7. Professional organizations and health institutions should have systems to ensure health care teams are aware of state and federal requirements and to assist them in complying with standards, rules, and regulations. These actions may include the following:
○ Establishing systems that promote patient and guardian awareness of the risks, benefits, and limitations of electronic communications.
○ Aligning consent for electronic communication with the general consent for care when possible.
○ Defining standards for when a patient may confidentially and reliably communicate electronically directly with his or her physician. This standard should be applicable to any patient for whom guardianship is a consideration, regardless of the patient’s age. In the absence of specific regulations, it is reasonable for the clinician, using their clinical assessment and judgement in collaboration with the patient and family, to determine when a patient has the ability, cognitive skills, and maturity needed to safely and effectively use independent electronic communication so that the clinician may provide appropriate expectations and support.
Recommendations for Federal Policy Makers and Health Information Technology Developers
8. Standard EHR functionality should include the capacity for health care teams and patients to segment or filter clinical data that can compromise confidentiality. Although this filtering ability contains risks because it allows for an incomplete record to be shared or viewed, it is necessary to uphold the dual requirements of patient privacy as well as patient access when access is shared. This filtering may be needed for any patients who are accessing or sharing their electronic communication but is especially needed for pediatric and adolescent patients establishing independent communication and decision-making with their medical teams.
9. EHR vendors should enable safeguards for medical teams to restrict electronic communication in cases of acute patient safety risk (eg, when guardianship of a patient changes because of risk to patient safety such as in cases of child abuse and neglect).
Drs Webber and Brick participated in the initial concept and design, analysis, drafting, and revision of the manuscript. Drs Webber, Brick, Scibilia, and Dehnel all reviewed and revised the manuscript and approve it as submitted.
This document is copyrighted and is property of the American Academy of Pediatrics and its Board of Directors. All authors have filed conflict of interest statements with the American Academy of Pediatrics. Any conflicts have been resolved through a process approved by the Board of Directors. The American Academy of Pediatrics has neither solicited nor accepted any commercial involvement in the development of the content of this publication.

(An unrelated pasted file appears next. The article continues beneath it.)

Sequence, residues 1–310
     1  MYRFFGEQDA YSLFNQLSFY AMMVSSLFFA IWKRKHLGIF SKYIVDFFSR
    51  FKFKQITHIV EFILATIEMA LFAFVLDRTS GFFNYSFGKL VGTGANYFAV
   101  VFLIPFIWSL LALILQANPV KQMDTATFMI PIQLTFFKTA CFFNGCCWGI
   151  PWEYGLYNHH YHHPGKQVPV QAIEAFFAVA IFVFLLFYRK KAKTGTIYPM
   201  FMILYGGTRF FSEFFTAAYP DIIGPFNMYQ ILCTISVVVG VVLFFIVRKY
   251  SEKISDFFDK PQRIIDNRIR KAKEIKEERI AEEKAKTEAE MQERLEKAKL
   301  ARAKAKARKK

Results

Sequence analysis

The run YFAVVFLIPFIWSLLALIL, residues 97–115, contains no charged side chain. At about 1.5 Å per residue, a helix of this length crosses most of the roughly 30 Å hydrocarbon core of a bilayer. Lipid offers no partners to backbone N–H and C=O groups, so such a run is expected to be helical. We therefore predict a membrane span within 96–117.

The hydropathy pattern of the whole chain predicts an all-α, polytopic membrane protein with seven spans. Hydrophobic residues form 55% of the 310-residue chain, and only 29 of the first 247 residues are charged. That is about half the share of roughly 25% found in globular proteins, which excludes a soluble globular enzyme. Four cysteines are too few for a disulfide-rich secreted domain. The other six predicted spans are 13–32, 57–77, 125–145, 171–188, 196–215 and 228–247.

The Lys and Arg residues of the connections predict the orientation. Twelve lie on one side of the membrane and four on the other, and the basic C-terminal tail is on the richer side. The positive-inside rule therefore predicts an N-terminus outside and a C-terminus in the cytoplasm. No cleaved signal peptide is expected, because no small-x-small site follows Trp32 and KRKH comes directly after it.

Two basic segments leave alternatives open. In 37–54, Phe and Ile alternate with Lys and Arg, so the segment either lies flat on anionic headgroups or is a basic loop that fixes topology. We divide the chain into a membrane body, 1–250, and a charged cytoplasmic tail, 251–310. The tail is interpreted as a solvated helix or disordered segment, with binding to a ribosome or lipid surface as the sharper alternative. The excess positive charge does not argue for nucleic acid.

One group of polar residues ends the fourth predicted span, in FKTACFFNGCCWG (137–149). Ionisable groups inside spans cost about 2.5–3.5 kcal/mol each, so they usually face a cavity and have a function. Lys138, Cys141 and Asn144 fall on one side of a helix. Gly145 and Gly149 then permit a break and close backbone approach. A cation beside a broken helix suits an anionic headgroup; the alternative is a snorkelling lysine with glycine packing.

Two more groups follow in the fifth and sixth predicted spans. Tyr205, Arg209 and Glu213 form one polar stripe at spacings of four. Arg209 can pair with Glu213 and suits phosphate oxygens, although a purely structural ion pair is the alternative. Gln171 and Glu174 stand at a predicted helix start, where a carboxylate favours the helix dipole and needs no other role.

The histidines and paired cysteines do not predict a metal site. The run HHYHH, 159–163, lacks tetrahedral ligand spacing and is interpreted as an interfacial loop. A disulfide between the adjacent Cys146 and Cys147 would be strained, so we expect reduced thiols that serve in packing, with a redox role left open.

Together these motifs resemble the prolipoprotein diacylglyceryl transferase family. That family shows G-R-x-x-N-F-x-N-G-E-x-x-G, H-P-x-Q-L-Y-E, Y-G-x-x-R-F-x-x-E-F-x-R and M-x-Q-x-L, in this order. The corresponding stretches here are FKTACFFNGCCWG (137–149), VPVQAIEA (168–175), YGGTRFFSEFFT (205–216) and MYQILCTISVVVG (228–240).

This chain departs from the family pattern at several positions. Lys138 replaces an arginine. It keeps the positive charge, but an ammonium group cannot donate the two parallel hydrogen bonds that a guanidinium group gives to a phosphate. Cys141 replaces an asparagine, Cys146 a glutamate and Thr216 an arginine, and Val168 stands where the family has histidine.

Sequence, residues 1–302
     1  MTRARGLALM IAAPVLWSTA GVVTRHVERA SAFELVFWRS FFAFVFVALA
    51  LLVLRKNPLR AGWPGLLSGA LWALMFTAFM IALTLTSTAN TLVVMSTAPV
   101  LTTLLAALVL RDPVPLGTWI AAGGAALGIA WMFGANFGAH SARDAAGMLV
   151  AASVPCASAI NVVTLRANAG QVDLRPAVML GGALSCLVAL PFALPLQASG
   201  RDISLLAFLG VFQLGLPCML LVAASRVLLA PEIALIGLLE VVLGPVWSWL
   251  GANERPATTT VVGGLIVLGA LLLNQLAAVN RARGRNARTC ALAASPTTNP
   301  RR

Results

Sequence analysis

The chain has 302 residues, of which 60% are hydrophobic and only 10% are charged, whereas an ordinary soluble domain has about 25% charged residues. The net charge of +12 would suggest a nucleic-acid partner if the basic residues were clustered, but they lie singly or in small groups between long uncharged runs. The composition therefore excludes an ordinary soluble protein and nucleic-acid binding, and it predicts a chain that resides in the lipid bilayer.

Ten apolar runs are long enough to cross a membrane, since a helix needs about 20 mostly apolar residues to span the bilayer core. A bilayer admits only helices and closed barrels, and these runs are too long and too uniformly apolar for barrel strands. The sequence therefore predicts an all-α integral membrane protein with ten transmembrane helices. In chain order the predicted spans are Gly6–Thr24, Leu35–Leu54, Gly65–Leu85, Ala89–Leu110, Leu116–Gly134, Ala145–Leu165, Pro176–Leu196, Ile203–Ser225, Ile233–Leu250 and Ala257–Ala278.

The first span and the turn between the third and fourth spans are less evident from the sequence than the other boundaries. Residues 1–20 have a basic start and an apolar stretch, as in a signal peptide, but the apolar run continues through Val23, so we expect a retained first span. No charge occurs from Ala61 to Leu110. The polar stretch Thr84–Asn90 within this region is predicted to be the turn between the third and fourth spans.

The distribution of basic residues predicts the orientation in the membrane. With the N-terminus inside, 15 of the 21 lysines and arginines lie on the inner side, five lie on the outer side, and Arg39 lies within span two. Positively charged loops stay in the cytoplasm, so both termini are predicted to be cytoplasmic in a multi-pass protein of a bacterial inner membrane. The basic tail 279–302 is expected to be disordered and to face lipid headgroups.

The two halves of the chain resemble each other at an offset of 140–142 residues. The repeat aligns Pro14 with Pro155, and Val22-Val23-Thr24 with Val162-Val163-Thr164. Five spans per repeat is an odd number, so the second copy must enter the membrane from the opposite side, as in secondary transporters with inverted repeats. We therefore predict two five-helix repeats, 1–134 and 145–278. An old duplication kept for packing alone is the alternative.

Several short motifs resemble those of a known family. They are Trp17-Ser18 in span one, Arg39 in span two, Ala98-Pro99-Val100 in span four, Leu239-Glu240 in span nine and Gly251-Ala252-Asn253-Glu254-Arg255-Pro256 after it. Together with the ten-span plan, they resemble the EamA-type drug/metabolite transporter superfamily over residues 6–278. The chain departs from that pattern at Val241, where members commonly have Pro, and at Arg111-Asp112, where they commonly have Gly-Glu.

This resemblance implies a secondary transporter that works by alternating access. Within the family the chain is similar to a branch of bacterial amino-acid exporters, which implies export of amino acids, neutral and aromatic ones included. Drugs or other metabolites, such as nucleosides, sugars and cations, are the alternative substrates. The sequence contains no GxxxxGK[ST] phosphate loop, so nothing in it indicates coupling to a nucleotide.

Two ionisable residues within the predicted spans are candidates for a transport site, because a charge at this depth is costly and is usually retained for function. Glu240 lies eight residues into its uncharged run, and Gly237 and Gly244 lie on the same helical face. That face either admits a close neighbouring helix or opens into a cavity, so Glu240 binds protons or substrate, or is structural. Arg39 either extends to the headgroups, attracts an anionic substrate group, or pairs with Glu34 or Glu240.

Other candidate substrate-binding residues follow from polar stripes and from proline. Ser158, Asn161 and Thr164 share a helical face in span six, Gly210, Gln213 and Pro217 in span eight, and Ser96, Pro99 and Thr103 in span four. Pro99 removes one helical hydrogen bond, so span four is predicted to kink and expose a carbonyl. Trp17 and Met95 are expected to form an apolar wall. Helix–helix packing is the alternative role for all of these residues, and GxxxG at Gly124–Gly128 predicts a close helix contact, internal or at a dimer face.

Policy statements from the American Academy of Pediatrics benefit from expertise and resources of liaisons and internal (AAP) and external reviewers. However, policy statements from the American Academy of Pediatrics may not reflect the views of the liaisons or the organizations or government agencies that they represent.
The guidance in this statement does not indicate an exclusive course of treatment or serve as a standard of medical care. Variations, taking into account individual circumstances, may be appropriate.
All policy statements from the American Academy of Pediatrics automatically expire 5 years after publication unless reaffirmed, revised, or retired at or before that time.
FUNDING: No external funding.
Emily C. Webber, MD, FAAP
David Brick, MD, FAAP
James P. Scibilia, MD, FAAP
Peter Dehnel, MD, FAAP
Council on Clinical Information Technology Executive Committee, 2016–2017
Stuart T. Weinberg, MD, FAAP
Emily C. Webber, MD, FAAP
Gregg M. Alexander, DO
Eric L. Beyer, MD, FAAP
Alexander M. Hamling, MD, FAAP
Eric S. Kirkendall, MD, MBI, FAAP
Donald E. Lighter, MD, MBA, FAAP
Ann M. Mann, MD, FAAP
Stephen J. Morgan, MD, FAAP
Eric Shelov, MD, FAAP
Jeffrey A. Wright, MD, FAAP
Dale C. Alverson, MD, FAAP (Section on Telehealth Care)
Francis D. Chan, MD, FAAP (Section on Advances in Therapeutics and Technology)
Melissa S. Van Cain, MD (Section on Pediatric Trainees)
Lisa A. Krams, MAHS
Committee on Medical Liability and Risk Management, 2016–2017
Robin L. Altman, MD, FAAP
Steven A. Bondi, JD, MD, FAAP
Jonathan M. Fanaroff, MD, JD, FCLM, FAAP
Sandeep K. Narang, MD, JD, FAAP
Richard L. Oken, MD, FAAP
John W. Rusher, MD, JD, FAAP
Karen A. Santucci, MD, FAAP
James P. Scibilia, MD, FAAP
Susan M. Scott, MD, JD, FAAP
Julie Kersten Ake
Section on Telehealth Care Executive Committee, 2017–2018
Joshua J. Alexander, MD, FAAP (chairperson)
Chelsea E.F. Bodnar, MD, FAAP
Alison Curfman, MD, FAAP
Neil E. Herendeen, MD, MS, FAAP
Joseph A. Kahn, MD, FAAP
Steven D. McSwain, MD, FAAP
Kelli M. Garber, PPCNP-BC
Trisha M. Calabrese, MPH
POTENTIAL CONFLICT OF INTEREST: The authors have indicated they have no potential conflicts of interest to disclose.
FINANCIAL DISCLOSURE: The authors have indicated they have no financial relationships relevant to this article to disclose.